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How Much Should You Pay An Agent To Find A Lease Option Buyer?


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After you’ve done a few deals, it’s pretty easy to find someone to do all the legwork for you finding your buyers.

What is the best way to find, hire and pay someone to do this work for you?

Watch the video answer.


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Read Transcript for “How Much Should You Pay An Agent To Find A Lease Option Buyer?”

“My question is how much to compensate a real estate agent if you use them to sell a property in a rent to own deal. Do you give them a commission? Should you give them a flat fee?” – Dan

Joe: If they’re an agent, they’re used to working on commission so giving them a commission is not a bad thing. Giving them 20% or 30% of the deal would be normal. If they’re a straight up partner, giving them 50% of the deal would work.
Joe: One of the things I find is difficult is getting an agent to work consistently, making sure they follow up with the leads and go through with that whole process, so a lot of times its easier and cheaper to get an hourly paid person to do that work for you. So what I do most of the time (and I’ve done both ways) is to get an hourly person who will do that stuff who I pay $8 or $10 to show that property, to be friendly and maybe close the deal.
Joe: We can get somebody who’s good on the phone (most of that work can be done on the phone) and then you can have your boots on the ground, a different person who actually shows up at the property and shows the property if that’s necessary (if it can’t be shown with a lockbox). Vacant properties can be shown with just a lockbox without anybody there with them; we’ve had very good luck with that.
Joe: So if you’re working with an agent, you have to find somebody who’s going to follow through with your leads (because you’re going to get leads coming through) and make sure all the leads that are coming from your Craigslist ads, your signs and the marketing that you do come through your office first and they get distributed to the buyer agent if you’re using an agent to help you sell that property.
Joe: That way, the virtual assistant who’s going to do the distribution is going to ask for lead sheets to come back from that agent to make sure that those people got contacted. You’ll also want to do some spot checking, maybe to call some of the buyers to make sure, ‘Hey, did Fred get ahold of you about the property that you called about?’ to find out if he’s actually making the calls. If you’re not selling properties, he’s not making the calls.
Joe: Make sure you have a way to check on them to make sure it’s getting done. I find that it’s hard to keep agents on board with this stuff. I don’t know why that’s the case, because they can sometimes be the best people to sell your properties, and intuitively it makes a lot of sense to have them sell the properties.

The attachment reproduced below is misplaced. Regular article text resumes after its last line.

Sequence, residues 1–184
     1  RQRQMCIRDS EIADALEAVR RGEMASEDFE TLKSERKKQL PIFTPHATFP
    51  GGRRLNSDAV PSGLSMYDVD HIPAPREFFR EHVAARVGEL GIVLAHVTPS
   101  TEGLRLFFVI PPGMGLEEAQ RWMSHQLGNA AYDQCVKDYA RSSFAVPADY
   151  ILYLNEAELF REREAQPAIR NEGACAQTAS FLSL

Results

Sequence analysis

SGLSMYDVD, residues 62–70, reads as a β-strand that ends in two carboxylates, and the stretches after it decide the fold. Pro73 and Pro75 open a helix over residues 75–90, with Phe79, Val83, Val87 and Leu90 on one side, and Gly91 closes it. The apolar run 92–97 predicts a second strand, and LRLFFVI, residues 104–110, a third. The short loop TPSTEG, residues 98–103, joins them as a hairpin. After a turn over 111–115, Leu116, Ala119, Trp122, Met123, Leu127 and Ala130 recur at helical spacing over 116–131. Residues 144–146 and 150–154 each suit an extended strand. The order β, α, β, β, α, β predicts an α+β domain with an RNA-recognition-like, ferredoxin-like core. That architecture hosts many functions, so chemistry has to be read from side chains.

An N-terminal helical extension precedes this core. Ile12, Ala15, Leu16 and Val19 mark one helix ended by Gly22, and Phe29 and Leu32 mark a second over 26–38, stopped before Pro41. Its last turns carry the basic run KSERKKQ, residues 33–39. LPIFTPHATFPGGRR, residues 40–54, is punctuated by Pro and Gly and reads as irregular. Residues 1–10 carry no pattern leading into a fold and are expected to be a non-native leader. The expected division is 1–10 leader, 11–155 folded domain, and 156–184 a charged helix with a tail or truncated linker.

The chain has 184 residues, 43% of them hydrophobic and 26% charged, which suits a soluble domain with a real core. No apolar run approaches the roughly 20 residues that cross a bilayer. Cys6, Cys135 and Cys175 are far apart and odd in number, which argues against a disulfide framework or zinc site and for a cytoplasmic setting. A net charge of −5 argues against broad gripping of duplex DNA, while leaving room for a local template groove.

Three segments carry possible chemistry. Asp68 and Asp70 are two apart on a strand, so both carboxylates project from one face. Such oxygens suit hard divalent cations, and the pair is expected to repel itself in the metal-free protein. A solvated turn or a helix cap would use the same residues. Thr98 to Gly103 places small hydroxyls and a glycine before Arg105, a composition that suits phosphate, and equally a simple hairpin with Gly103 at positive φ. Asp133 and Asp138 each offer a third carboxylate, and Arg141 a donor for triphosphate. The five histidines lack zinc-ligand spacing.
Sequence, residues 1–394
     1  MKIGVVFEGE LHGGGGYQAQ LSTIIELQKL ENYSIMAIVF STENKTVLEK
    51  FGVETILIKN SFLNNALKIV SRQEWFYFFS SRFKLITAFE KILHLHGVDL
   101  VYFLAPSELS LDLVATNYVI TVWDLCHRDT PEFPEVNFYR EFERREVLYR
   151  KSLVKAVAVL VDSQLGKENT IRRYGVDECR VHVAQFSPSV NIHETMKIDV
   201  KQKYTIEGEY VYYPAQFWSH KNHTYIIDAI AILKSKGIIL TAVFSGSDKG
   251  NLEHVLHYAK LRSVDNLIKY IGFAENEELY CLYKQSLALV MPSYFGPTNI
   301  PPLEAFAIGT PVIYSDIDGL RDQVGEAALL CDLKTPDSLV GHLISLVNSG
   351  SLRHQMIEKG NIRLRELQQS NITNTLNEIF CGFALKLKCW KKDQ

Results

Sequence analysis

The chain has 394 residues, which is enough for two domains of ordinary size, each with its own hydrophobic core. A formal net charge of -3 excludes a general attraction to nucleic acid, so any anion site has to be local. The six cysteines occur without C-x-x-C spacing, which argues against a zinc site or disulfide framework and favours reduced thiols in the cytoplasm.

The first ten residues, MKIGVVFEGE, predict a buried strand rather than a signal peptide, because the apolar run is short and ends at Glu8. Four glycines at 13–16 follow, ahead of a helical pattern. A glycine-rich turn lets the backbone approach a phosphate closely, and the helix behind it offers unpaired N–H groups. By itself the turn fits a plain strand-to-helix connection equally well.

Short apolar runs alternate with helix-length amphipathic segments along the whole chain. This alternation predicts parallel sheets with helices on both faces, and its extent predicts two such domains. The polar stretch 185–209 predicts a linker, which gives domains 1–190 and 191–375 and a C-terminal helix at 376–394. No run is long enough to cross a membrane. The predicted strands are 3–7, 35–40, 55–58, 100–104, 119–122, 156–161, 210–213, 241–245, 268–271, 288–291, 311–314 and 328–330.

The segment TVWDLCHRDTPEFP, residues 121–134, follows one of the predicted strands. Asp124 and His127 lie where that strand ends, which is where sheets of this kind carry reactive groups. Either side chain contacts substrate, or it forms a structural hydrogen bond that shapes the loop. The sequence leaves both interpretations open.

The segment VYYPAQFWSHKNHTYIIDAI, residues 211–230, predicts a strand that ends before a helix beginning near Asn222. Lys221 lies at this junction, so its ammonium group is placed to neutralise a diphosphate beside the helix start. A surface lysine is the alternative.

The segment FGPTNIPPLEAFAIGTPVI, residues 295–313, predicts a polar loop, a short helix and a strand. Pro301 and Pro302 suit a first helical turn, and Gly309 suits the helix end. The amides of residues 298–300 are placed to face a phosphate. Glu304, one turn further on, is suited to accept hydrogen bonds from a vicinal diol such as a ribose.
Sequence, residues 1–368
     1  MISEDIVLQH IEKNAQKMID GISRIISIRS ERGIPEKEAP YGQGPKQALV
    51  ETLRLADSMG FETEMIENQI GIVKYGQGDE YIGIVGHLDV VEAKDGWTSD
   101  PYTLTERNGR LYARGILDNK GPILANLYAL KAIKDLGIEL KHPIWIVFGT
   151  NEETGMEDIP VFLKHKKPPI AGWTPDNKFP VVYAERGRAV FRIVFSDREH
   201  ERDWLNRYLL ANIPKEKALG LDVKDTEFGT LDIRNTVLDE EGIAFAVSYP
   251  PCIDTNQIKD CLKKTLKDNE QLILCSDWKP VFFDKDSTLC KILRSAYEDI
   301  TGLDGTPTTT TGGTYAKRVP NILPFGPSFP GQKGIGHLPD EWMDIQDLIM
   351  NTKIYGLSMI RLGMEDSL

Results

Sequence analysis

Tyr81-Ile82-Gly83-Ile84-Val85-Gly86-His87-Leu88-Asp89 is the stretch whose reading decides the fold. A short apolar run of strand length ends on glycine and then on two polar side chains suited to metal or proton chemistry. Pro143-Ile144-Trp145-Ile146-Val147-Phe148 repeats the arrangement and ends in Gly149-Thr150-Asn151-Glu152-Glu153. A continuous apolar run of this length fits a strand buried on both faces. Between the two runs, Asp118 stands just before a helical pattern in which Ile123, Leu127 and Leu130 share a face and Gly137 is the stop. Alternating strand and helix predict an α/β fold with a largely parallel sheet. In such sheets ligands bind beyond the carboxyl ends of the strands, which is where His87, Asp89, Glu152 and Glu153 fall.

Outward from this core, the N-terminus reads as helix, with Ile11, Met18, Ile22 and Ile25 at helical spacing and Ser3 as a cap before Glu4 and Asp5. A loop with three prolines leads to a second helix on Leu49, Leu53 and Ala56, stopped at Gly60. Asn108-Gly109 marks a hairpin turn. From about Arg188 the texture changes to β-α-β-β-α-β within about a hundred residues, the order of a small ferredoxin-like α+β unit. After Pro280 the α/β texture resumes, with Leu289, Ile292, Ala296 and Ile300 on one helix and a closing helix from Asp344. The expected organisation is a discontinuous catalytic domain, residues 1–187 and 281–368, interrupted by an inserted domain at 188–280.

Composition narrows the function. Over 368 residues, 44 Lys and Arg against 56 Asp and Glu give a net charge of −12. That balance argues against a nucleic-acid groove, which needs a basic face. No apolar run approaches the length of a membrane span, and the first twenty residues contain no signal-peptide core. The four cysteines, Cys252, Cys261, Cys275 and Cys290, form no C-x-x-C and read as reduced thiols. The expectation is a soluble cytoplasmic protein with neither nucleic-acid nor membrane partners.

Joe: But I think that they feel maybe they can make more money listing and selling properties and getting a commission and doing it conventionally than they can by just taking a cut off of your deals and making $1,000 here and $1,000 there. They’re used to $1,500 to$5,000 paydays like you are as an investor, not $1,000 to $1,500 or what you’ll probably pay them.
Joe: So, before I stop, let me talk about hourly paid. Let’s say you made $3.000, a low lease option fee on a $100,000 property. You have $3,000 coming in and you’re giving a third of it to your buyer’s agent. So you’re giving away $1,000 of that income and you’re going to keep $2,000 of it.
Joe: If you had hired a non-agent, somebody hourly, to do that for you and to make those calls, and paid them $10 an hour, and it takes on average, five to ten hours of dealing with buyers before you can find a property (usually less than that but let’s say it takes ten hours) that’s $100 that you have to pay that person versus $1,000 that you have to pay the agent, and it’s probably going to be less than ten hours. So I would definitely do the hourly if you can afford it up front.
Joe: A lot of people feel that, ‘Well, I can’t afford it up front.’ It’s going to eat away at your income later on and if you build your business around it, it’s not going to be as exciting. So maybe at the beginning, you make the calls, talk to the sellers and put the deals together, and as soon as you put together one or two deals, set aside some of that money to pay an hourly person and do it that way. Alright, I hope that helps.

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  1. Patricia Akinrotoye
    June 13, 2014 at 4:11 pm · Reply

    Trying to help a friend, How do I structure a property deal worth 370,000 with 246,000 in equity 100,000 loan but is default of 14, 000. It’s a 2 bed, 2 bath on lot 6400 sq foot and 1216 living sq ft .

    • Joe Crump
      June 13, 2014 at 5:28 pm · Reply

      Someone needs to bring the loan current. So if you take it subject to the existing loan, then sell it to an investor or homeowner – have them come up with the down and give them the equity. You might also take it sub to, sell on land contract for full price and just ask for enough to cover the late costs.

      The equity is what makes this one attractive as long as the monthly payment isn’t to high.


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